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Trump defends firing watchdog said to probe Pompeo, Saudi arms

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(FILES) In this file photo taken on March 25, 2020 US Secretary of State Mike Pompeo speaks during a press conference at the State Department in Washington, DC. – US Secretary of State Mike Pompeo landed in Tel Aviv May 13, 2020, for talks on regional security and Israel’s plans to annex parts of the occupied West Bank, a pool report said. (Photo by ANDREW CABALLERO-REYNOLDS / AFP)

US President Donald Trump said Monday he was fully justified in firing an internal watchdog who was reportedly probing Secretary of State Mike Pompeo over alleged misuse of staff as well as an arms deal with Saudi Arabia.

The sacked inspector general, Steve Linick, was investigating in part whether Pompeo ordered a government employee to walk his dog, pick up dry-cleaning and make dinner reservations, a Democratic congressional aide said.

Trump acknowledged he fired Linick late Friday at Pompeo’s behest and said he did not know the reason — but scoffed when reporters told him of the purported probe.

“Here’s a man supposed to be negotiating war and peace with major, major countries with weaponry like the world has never seen before,” Trump said of Pompeo.

“And the Democrats and the fake news media, they are interested in a man who is walking their dog,” he said.

“I’d rather have him on the phone with some world leader than have him wash dishes because maybe his wife isn’t there.”

Trump said he had an “absolute right” to remove Linick because he was appointed by former President Barack Obama.

Pompeo similarly defended the firing, telling The Washington Post that presidential appointees can be removed “for any reason or no reason.”

Pompeo accused Linick of “undermining” the State Department’s mission but did not give details and insisted he was unaware of a probe against him.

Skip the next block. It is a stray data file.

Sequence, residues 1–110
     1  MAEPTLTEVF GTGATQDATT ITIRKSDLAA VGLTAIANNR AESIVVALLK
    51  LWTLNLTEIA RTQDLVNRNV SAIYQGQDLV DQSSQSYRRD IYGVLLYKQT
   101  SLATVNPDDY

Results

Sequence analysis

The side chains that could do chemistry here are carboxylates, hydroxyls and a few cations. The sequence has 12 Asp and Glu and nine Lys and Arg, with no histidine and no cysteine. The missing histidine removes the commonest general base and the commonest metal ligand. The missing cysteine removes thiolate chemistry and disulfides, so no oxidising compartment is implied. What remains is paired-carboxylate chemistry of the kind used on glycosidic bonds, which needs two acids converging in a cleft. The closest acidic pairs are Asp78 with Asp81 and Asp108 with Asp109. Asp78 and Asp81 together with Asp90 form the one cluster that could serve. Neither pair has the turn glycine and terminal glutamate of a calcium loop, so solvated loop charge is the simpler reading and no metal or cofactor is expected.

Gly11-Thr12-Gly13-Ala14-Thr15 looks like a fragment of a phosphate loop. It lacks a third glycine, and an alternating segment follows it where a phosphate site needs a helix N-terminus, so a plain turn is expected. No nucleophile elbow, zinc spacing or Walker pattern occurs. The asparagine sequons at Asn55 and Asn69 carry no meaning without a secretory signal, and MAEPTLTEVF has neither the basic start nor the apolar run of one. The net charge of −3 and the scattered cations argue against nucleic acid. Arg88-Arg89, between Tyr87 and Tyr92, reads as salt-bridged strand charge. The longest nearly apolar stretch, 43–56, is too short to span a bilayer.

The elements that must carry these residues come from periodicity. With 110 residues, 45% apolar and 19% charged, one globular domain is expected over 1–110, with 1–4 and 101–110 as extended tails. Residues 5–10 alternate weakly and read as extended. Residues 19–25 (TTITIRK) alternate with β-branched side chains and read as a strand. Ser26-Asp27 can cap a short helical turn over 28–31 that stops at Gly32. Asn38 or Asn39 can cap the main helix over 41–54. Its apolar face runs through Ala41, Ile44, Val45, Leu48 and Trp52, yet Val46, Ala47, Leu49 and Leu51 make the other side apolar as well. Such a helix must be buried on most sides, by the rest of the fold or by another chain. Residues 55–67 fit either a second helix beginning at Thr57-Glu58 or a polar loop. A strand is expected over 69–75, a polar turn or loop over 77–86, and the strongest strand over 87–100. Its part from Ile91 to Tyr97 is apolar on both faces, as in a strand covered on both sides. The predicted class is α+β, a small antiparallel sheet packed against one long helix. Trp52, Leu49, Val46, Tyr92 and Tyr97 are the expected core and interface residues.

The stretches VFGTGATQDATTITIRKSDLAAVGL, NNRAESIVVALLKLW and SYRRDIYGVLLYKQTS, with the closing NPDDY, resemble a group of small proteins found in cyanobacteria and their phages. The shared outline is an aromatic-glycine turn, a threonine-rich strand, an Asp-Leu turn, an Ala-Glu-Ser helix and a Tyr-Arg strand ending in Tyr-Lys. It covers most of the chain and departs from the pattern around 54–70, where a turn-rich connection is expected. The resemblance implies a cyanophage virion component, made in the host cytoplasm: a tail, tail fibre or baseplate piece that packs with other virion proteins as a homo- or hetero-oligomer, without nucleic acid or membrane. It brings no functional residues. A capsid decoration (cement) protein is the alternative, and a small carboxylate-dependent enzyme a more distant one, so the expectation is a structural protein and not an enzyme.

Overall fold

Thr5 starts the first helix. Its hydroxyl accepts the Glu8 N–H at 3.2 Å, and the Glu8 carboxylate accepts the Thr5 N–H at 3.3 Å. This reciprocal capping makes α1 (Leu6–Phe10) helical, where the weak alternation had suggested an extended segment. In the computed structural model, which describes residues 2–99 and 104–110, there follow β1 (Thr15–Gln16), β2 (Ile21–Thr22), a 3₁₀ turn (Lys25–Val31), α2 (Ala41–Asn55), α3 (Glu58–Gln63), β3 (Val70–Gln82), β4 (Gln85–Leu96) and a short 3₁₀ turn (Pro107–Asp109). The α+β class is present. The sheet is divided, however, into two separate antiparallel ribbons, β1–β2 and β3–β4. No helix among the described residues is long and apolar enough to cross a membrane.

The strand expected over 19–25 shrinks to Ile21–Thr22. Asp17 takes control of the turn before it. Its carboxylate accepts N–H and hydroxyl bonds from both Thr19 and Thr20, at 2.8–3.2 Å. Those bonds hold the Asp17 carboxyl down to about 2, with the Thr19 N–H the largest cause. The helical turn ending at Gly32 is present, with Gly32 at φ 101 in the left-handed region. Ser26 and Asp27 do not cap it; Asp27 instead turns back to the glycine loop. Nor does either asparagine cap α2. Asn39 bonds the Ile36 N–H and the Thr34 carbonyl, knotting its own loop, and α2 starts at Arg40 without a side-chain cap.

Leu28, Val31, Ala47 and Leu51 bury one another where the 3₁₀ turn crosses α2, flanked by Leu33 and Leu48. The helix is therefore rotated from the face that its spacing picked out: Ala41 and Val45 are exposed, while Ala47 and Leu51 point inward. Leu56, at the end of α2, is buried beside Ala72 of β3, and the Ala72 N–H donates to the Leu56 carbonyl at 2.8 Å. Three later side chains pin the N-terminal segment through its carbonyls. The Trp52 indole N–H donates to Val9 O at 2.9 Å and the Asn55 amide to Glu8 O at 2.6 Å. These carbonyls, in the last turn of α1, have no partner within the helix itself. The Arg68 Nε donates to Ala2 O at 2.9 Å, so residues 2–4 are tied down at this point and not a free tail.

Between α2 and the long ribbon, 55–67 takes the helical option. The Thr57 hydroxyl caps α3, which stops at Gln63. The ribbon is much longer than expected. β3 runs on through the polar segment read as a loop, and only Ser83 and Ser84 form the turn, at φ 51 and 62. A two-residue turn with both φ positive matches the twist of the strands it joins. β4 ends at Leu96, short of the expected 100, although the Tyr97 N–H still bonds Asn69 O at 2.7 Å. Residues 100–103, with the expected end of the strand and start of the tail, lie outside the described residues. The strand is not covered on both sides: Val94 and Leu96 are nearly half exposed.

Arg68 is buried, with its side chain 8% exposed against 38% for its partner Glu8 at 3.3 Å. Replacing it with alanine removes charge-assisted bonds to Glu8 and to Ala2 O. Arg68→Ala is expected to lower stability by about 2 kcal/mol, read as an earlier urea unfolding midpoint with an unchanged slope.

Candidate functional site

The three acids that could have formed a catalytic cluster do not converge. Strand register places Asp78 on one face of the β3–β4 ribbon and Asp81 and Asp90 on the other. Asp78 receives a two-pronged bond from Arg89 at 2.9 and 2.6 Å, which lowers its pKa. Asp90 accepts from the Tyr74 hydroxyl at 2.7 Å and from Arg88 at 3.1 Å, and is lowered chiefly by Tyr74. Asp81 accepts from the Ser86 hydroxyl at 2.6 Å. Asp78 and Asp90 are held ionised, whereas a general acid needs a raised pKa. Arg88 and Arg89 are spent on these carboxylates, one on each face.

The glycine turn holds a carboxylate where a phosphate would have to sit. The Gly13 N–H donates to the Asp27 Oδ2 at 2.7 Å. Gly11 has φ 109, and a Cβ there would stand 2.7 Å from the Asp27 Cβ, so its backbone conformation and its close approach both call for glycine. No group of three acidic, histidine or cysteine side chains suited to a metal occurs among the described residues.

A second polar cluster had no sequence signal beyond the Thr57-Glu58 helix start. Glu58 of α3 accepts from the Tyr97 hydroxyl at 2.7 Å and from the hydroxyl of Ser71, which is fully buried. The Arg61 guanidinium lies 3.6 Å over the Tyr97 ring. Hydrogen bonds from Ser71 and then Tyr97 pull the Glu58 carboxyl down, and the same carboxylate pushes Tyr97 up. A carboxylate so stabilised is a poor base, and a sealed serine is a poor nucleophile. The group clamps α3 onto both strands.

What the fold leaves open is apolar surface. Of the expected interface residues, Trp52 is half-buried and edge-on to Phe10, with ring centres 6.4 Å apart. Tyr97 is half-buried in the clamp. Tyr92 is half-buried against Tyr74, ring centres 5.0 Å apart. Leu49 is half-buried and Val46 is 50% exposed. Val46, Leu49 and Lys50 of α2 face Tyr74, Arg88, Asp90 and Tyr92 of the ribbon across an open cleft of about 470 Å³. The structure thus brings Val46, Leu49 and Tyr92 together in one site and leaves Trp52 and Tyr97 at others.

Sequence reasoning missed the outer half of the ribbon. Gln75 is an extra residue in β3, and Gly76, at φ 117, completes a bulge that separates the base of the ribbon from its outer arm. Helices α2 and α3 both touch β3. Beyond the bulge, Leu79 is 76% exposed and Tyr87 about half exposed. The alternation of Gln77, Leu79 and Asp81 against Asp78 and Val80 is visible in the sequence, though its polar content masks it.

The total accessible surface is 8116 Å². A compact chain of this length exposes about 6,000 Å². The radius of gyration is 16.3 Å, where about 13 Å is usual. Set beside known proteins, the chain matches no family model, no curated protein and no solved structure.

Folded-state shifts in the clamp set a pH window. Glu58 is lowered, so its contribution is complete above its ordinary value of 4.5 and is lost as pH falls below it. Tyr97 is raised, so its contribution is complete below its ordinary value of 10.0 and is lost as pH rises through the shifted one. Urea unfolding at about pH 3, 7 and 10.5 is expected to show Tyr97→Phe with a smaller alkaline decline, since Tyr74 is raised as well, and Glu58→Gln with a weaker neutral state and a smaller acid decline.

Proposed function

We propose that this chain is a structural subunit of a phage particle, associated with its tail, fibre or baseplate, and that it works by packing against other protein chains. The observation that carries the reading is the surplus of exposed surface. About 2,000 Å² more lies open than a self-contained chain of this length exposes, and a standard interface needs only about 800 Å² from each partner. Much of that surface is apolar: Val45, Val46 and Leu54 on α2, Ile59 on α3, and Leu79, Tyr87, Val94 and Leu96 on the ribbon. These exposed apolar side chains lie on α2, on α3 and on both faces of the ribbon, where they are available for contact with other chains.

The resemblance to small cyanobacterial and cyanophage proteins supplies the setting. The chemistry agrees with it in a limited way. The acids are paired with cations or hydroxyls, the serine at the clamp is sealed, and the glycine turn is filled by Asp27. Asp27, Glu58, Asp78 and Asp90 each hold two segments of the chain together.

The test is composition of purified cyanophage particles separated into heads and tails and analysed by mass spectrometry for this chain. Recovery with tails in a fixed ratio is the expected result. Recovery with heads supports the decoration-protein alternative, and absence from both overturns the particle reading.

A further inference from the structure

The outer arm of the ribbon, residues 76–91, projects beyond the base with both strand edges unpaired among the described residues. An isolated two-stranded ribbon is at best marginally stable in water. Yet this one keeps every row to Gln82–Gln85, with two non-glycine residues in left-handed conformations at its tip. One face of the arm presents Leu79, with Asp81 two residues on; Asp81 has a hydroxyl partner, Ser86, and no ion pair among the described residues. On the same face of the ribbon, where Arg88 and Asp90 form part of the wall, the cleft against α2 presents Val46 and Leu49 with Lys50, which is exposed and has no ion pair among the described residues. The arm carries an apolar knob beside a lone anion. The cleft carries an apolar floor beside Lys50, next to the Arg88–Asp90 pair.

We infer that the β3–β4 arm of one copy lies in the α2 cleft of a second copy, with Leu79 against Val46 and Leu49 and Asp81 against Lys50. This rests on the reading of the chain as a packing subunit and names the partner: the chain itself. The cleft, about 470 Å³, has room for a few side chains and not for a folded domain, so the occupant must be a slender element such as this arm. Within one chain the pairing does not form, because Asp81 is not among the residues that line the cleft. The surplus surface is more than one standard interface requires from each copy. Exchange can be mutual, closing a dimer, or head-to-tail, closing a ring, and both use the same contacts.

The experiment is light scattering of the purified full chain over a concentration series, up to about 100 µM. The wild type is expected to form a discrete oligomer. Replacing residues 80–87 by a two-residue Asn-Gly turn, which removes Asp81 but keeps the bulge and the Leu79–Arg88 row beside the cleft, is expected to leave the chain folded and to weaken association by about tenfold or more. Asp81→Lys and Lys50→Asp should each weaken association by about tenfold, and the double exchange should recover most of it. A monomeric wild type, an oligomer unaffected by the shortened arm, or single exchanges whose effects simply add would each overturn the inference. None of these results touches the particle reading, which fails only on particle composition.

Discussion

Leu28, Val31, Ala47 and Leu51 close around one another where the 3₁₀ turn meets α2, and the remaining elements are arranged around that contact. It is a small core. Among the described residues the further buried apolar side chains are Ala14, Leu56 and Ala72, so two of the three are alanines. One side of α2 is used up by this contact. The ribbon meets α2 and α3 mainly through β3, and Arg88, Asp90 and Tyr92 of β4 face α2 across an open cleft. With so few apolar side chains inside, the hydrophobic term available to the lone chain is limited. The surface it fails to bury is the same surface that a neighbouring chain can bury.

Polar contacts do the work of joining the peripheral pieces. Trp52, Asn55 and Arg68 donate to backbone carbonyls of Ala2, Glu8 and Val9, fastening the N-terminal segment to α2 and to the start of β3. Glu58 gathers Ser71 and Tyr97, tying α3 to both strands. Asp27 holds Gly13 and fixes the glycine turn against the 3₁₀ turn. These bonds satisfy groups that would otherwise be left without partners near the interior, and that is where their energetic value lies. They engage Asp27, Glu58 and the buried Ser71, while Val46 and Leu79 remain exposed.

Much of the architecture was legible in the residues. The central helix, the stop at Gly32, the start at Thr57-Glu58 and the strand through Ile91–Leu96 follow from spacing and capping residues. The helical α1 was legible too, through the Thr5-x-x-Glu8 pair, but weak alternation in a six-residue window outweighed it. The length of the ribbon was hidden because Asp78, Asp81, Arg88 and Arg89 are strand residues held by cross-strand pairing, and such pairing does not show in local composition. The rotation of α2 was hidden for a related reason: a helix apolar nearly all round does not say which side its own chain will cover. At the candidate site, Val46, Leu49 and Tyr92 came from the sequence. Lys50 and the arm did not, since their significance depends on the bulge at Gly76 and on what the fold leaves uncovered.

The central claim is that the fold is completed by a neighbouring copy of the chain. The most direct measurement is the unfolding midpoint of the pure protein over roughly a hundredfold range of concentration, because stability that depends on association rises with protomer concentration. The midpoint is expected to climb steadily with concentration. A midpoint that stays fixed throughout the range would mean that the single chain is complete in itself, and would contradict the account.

Brian Bulatao, the State Department’s undersecretary for management who is a longtime associate of Pompeo, told the newspaper there were concerns about leaks coming out of the inspector general’s office.

Demands from Congress
Democratic lawmakers, as well as some Republicans, have voiced unease over the firing, the fourth time since the beginning of April that Trump has moved to sack an official tasked with monitoring governmental misconduct.

House Speaker Nancy Pelosi, in a letter to Trump, said he was legally obligated to give a rationale within 30 days on why Linick was removed.

“This removal is part of a pattern of undermining the integrity of the inspectors general and therefore our government,” Pelosi said.

Representative Eliot Engel, who heads the House Foreign Affairs Committee, said he had learned that Linick was also investigating, at the congressman’s request, Trump’s “phony emergency declaration” that allowed arms sales to Saudi Arabia.

Pompeo said in May 2019 there was a state of emergency with Iran, allowing the Trump administration to bypass Congress and sell $8.1 billion in arms to Saudi Arabia and other Arab allies.

The move infuriated lawmakers, who had tried to block the sale on the grounds that the weapons were killing civilians in Yemen, which Saudi Arabia has intensely bombed as it fights Huthi rebels linked to Iran.

Robert Menendez, who heads the Senate Foreign Relations Committee, on Monday proposed legislation that would limit the removal of inspectors general to demonstrated causes such as misuse of funds and require that any replacements be career officials.

Pompeo replaced Linick with Stephen Akard, a former aide to Vice President Mike Pence.

Dogged defiance?
In what may have been an initial, defiant reaction to the complaints, Pompeo on Sunday posted a picture of himself on social media, sitting on a porch stoop in a blue polo shirt, cuddling his family’s new puppy.

In many countries, few would be surprised that staff assist senior government officials in personal tasks but the US system prides itself on transparency.

In a cabinet of millionaires and billionaires, led by tycoon Trump, Pompeo comes from a comparatively modest background and has cast himself as a middle-class voice from the American Heartland.

His 2019 financial disclosure form said the former lawyer and Kansas businessman had between $100,000 and $250,000 in his bank account, along with less than $15,000 in a retirement fund.

Pompeo has raised eyebrows by bringing his wife on his global travel. He has also recently succeeded in pushing US foreign policy sharply to the right.

He was a leading proponent of a drone strike that killed a top Iranian general and has promoted a theory, discounted by mainstream scientists, that the COVID-19 pandemic originated in a Chinese laboratory.

Linick, a veteran prosecutor, was appointed in 2013 by Obama but also criticized the former secretary of state, Hillary Clinton, for using a personal email account to handle official business — an issue seized on by Trump as he defeated Clinton in the presidential race.

Pompeo himself is familiar with congressional probes of the secretary of state. He made his name as a congressman with his strident attacks on Clinton over the deaths of four Americans in an Islamist extremist attack in Benghazi, Libya.


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